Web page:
HomeBike NewsBajajOver regulation is killing two wheeler industry in India - Rajiv Bajaj

Over regulation is killing two wheeler industry in India – Rajiv Bajaj

Rajiv Bajaj blames govt of India
Rajiv Bajaj at the launch of Chetak electric scooter.

This scenario has been a prolonged affair over the past 1.5 years and every automaker in the country is facing diminishing sales. Not only is this scenario noted in the four wheeler segment but also across the two wheeler industry in India.

Rajiv Bajaj, Managing Director of Bajaj Auto Limited, pins this dismal scenario on ‘Over Regulation’ by the Government of India. The upcoming Union Budget 2020 is also not likely to bring in any respite. Speaking at the launch of the new Bajaj Chetak e-scooter, Bajaj pointed out some of the causes that has put the auto industry in its present position.

It all started off with the high insurance costs imposed in early 2019. IRDAI introduced 3 year motor third party insurance cover for cars and 5 year cover for two wheelers. The premium had to be collected for the entire term at the time of getting insurance itself.

Next to come in within a short period of time were the new crash test norms which were quickly followed by compulsory ABS for all two wheelers while now the upgrade from BS4 to BS6 emission norms has put an added burden on the auto industry. Upgrade to BS6 will see prices of two wheelers increase by Rs.6,000-8,000 which is about a 30 percent increase in prices. Bajaj cites that all these regulations were all introduced within a short period of time and the industry was not capable of making all these changes at once.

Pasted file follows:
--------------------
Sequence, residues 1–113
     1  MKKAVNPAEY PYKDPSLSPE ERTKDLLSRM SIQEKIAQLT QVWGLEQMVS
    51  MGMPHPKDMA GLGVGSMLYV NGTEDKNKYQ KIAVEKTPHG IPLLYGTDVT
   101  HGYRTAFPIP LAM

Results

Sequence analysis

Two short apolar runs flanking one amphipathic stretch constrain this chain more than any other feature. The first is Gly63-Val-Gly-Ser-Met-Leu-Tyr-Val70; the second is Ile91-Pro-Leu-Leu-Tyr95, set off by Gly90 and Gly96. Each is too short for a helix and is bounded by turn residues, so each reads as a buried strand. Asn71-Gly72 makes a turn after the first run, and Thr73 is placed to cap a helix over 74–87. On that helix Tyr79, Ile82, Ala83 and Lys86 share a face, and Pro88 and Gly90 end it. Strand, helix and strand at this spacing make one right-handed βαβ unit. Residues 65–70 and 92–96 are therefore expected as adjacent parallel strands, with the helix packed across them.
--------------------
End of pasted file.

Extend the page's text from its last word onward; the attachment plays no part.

Industry experts have also cited their concerns for the condition in with the auto industry in India finds itself in today. Auto exports also believe that the higher cost of auto acquisition has impacted the auto industry but that is not the only reason. They also agree with Bajaj that the Union Budget 2020 will not correct this situation. He suggests the removal of non compliant vehicles from the roads which not only contribute to emission and pollution but are also not safe and need to be addressed on a war footing.

However, while experts cite Govt of India’s ‘Over Regulation’ as main reasons for two wheeler slowdown, it should be drawn to attention that this scenario is not restricted to India alone but a challenging auto industry has been noted the world over. This could be due to a change in user habits and changing realities and could result in a paradigm shift.

There are certain avenues which could bring in some respite to the auto industry. These could include an incentive based scrappage of vehicles registered from 1st April 1995 to 31st March 2005. SIAM has proposed that the Government of India should offer an incentive based vehicle scrappage policy which could be in the form of 50 percent rebate on GST, reduction in road tax or 85 percent of the scrap value to spur users to scrap their older vehicles.

SIAM also proposes that the Government should increase depreciation rate for passenger vehicles and 2 wheelers to 20 percent. The FAME II scheme has helped to increase volume of electric buses in the country but more budget allocation to procuring buses with alternative fuels would lead to an increased demand for commercial vehicles. The introduction of BS6 norms will also see cost increase by 8-10 percent which could hamper demand. It is therefore suggested by Rajiv Bajaj, that the Government consider reducing GST on BS6 vehicles from a current 28 percent to 18 percent till demand stabilizes.

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